Mirror of the Invisible World Tales from the KHAMSEH of NIZAMI

Mirror of the Invisible World Tales from the KHAMSEH of NIZAMI is a book by Peter j. Chelkowski whith an essay by Prisscilla P. Soucek and forward by Richard Ettinghausen.

Introduction of this book

Next to Ferdowsi’s Shah-nameh, the Khamseh or “Quintet” of Nizami offered the best opportunity for a wide-ranging series of illustrations to the Iranian miniaturist. Although these paintings lacked the typical iconographic formulas of the epic heroic subjects such as enthronements, battles of whole armies, duels of the paladins, and encounters with demons and monsters-they depicted instead many scenes of great variety and romantic appeal.

These have been rendered in innumerable manuscripts from the late fourteenth century up to the nineteenth century and have resulted in some of the most beloved motifs of Iranian pictorial arts. The scenes of Khosrow discovering Shirin bathing in a pool of water, of Shirin visiting Farhad as he carves his way through the mountain of Bisutun, of the unhappy sculptor carrying his queen and her horse on his shoul- ders, of Layla and her boy lover in school, of the poet Majnun in the desert surrounded by wild and tame animals, of Bahram Gur in the brilliantly colored pavilions of his seven beautiful princesses, are well known to all admirers of Iranian art in both the East and the West.

While the basic iconography of these scenes developed in the late fourteenth and in the fifteenth century, some of the finest versions date from the sixteenth century and their influence has been long-lasting. Just as Nizami’s poems have served as models to many other poets in Iran, India, and Turkey, so have the illustrations of the original five poems been followed by the miniaturists illum- inating later versions. Indeed, so popular are these subjects that they are found not only as illustrations of manuscripts but also as pictorial themes on tiles, chests, pen cases, textiles, and even carpets.

Aside from the better-known scenes, there are others which illustrate different episodes, frequently of a minor character. To understand these fully, it is nec- essary to be familiar with the varied subjects and themes of the poems, especially the major ones. Happily, this is now possible as a result of the investigations of Professor Peter J. Chelkowski, of New York University, who has written an English adaptation of the tales from Nizami’s Khamseh. He has provided, in addition, an introduction and commentaries on each story which not only present the historical background but also give us an insight into the rich imagination of the twelfth-century poet.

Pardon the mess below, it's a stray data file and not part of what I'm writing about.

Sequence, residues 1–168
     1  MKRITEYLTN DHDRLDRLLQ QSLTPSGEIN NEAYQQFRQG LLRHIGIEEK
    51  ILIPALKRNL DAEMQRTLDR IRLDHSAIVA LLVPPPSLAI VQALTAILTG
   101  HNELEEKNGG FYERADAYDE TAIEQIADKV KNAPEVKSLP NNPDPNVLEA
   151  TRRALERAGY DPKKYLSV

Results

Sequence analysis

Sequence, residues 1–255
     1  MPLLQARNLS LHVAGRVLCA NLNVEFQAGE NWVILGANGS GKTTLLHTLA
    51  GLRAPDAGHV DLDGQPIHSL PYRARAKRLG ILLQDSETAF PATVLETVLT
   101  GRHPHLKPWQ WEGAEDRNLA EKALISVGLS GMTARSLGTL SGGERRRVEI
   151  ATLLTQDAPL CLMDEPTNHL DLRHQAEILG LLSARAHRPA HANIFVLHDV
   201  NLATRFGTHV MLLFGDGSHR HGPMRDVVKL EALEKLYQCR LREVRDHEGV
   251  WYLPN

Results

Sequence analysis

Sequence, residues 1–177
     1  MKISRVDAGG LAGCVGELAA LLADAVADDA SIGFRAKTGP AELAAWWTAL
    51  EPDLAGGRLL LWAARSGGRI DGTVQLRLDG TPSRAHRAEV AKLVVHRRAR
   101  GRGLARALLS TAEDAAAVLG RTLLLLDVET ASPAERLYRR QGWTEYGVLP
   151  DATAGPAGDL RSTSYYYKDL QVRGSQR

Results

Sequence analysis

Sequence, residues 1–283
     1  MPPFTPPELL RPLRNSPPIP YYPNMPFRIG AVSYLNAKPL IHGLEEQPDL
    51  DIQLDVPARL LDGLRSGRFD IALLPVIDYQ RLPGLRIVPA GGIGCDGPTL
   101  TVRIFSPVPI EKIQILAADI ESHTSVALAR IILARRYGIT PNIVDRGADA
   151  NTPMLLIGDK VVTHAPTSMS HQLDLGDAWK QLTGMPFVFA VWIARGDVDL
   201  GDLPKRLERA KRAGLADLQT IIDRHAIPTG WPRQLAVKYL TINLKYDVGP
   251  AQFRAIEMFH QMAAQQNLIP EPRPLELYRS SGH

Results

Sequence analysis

The publication of this volume coincides with the opening of the newly installed Islamic Galleries in The Metropolitan Museum of Art. The new galleries enable us to exhibit a very rich collection in a full and systematic fashion for the first time in many decades and provide us with a special opportunity to display the Museum’s wealth of miniature painting. The Museum owns, among other Nizami manuscripts, one of the key manuscripts of the early fifteenth century, written and painted for one of the greatest of Iranian bibliophiles, the Timurid prince Baysonghor, residing in Herat, and one of the finest early sixteenth- century manuscripts painted in the same city. It is the miniatures from the latter, dated 1524/25 and one of the most sumptuous manuscripts ever produced in Persia, that illustrate this volume.

Persian poetry, like Persian art, tends to be decorative, ornamental, and graceful. Apart from depth of feeling, a poet’s originality often lies in the refinement of his moods, in his play on words, his subtle allusions, and his mastery of the rhythms and cadences of the language. Many Persian poems, especially epics, are more leisurely paced and considerably longer than those with which Western readers are familiar; indeed, they seem exotic to Western ears, and are appreciated and understood mainly by linguists and scholars in the field. This is unfortunate, for in Persian poetry, and especially in the Khamseh of Nizami, there is much to delight an American audience.

In this volume three stories from the Khamseh-“Khosrow and Shirin,” “Layla and Majnun,” and “The Seven Princesses”-have been retold in prose for the contemporary reader. And since a direct translation of the Khamseh would result in nearly sixty thousand lines, or some fifteen hundred pages, the stories have been abridged in the retelling. We hope to be forgiven by the specialists for taking these liberties; indeed, we have taken them in an attempt to present Nizami’s wonderful tales as living literature and to convey in them the spirit of the poet. With this in mind, we have avoided the use of diacritical marks wherever possible and have simplified the transliteration of foreign words.


  1. Forward
  2. Preface and acknowledgements
  3. Introduction
  4. THE KHAMSEH OF 1524/25
    Khosrow and Shirin
    Layla and Majnun
    The Seven Princesses
  5. Other important known manuscripts of THE KHAMSEH

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